The value of a cloud IDE is that is an instantly provisioned environment. Our IDE is targeted for use by teams working on complex applications with multiple dependencies. We do have intellisense capabilities, but not the degree of an IntelliJ or Eclipse. But the cloud IDE contains a complete workspace: IDE, project, build system, and runtime for debugging. All of the components are automatically configured by project type or PAAS deployment target. We do heavy lifting to reduce failure rates.

The workspaces themselves are team oriented, so they can be used in a Webex style, a google docs style, or replicated like a GitHub clone.

The programmatic nature of an IDE is a big benefit for ISVs who are seeking ways to simplify the evaluation workflow for developers of an SDK or API. It is possible to launch a cloud IDE that is integrated to an SDK or API, taking the time to Hello World down significantly. Reducing the error rate for evaluation or support scenarios means a developer is more likely to adopt a technology.

As a result of this, we see three types of users adopting a cloud IDE. Those that kick the tires, and compare it against their desktop equivalent. It's more of an experiment. The primary users who are using it entirely as their primary workbench. And a new class of users that I call Auxiliary. These users have a primary workbench that is another tool, but use a cloud IDE for commutes, on vacation, with a mobile device (say to check an issue), hackathons for brief periods, or for onboarding to a new project, or those pinned to a chromebook. It's all of the situations where someone just wants to hack briefly, and not deal with the setup or configuration.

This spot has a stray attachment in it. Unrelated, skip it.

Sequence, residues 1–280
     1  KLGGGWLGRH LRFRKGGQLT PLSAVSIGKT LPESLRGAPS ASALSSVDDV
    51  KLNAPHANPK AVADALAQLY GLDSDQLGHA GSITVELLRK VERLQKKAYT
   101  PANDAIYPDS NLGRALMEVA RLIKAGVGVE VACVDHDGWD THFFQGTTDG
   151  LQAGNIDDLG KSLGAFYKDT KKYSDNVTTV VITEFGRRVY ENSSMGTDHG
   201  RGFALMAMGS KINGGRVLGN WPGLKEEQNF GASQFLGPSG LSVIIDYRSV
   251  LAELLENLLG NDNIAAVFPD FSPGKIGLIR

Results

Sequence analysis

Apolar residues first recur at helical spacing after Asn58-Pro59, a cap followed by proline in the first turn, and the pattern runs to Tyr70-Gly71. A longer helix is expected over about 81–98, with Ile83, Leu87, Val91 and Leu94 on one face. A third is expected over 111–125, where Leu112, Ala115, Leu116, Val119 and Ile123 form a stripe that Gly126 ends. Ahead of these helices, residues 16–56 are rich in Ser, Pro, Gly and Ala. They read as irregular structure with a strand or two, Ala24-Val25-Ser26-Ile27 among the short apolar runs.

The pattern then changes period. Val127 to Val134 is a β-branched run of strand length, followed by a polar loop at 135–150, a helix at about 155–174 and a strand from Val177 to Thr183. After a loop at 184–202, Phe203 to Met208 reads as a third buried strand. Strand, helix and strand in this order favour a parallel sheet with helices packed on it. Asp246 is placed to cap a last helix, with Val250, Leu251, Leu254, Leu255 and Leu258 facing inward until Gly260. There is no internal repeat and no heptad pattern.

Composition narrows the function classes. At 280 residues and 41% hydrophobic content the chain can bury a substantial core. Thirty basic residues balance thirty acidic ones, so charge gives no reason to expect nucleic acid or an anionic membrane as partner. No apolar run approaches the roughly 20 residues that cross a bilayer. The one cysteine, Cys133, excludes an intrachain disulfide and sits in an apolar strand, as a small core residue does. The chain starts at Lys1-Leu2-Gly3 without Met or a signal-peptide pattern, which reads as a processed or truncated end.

Other commenters are stating a concern about always-on connectivity. Interestingly, on our feedback page where we have 1000s of votes, offline access isn't in the top 5 requested features. It is a concern for some people, but for the most part, those with chromebooks are always connected. But even so, it will be possible for companies like us to offer an offline mode by syncing the code repository to the local machine. There are ways to enable this activity.

Thanks for the great conversation.

Re: IDE in the web by Doug Schaefer

@Tyler looks like you just got yourself a free ad :)

But seriously. I'd live to hear from a cloud IDE user. They're the ones who matter.

One can only hope by Jeff Heon

"...the next decade is likely to bring about significant UX changes in the way that code is edited, debugged and built."

Yes, let's fundamentally rethink IDEs, not just a simple web-based or not discourse.

Get inspired:
How to Think Like a Pioneer

Re: One can only hope by Faisal Waris

At least one fundamental rethink in IDEs/languages is that of Type Providers in F#.

Essentially type providers allow you to take external metadata and expose that as types in your language -- as you write code.

For example lets say you want to access a Hadoop dataset in typed way. Here is what you can do:

type HadoopData = HiveTypeProvider< ... connection info ...>
let hive = HadoopData.GetDataContext()
let avgAge =
|> Seq.averageBy (fun b -> float b.age)

The code above is calculating the average "age" across the "bankmarketing" dataset. The actual calculation runs in Hadoop; here we are just expressing the logic.

The key is that all datasets (including "bankmarketing") and all their fields are available as F# types with full support for code completion (intellisense in MS world) -- just by referencing the type provider with connection info.

There is a behind-the-scenes interaction between the type provider the IDE and the compiler that makes it all seamless.

You can actually tryout this code here .

There many type providers available already and new ones are being written all the time. It is a very successful innovation.

Re: One can only hope by Jeff Heon

Thanks for the info, Faisal.

Sounds interesting!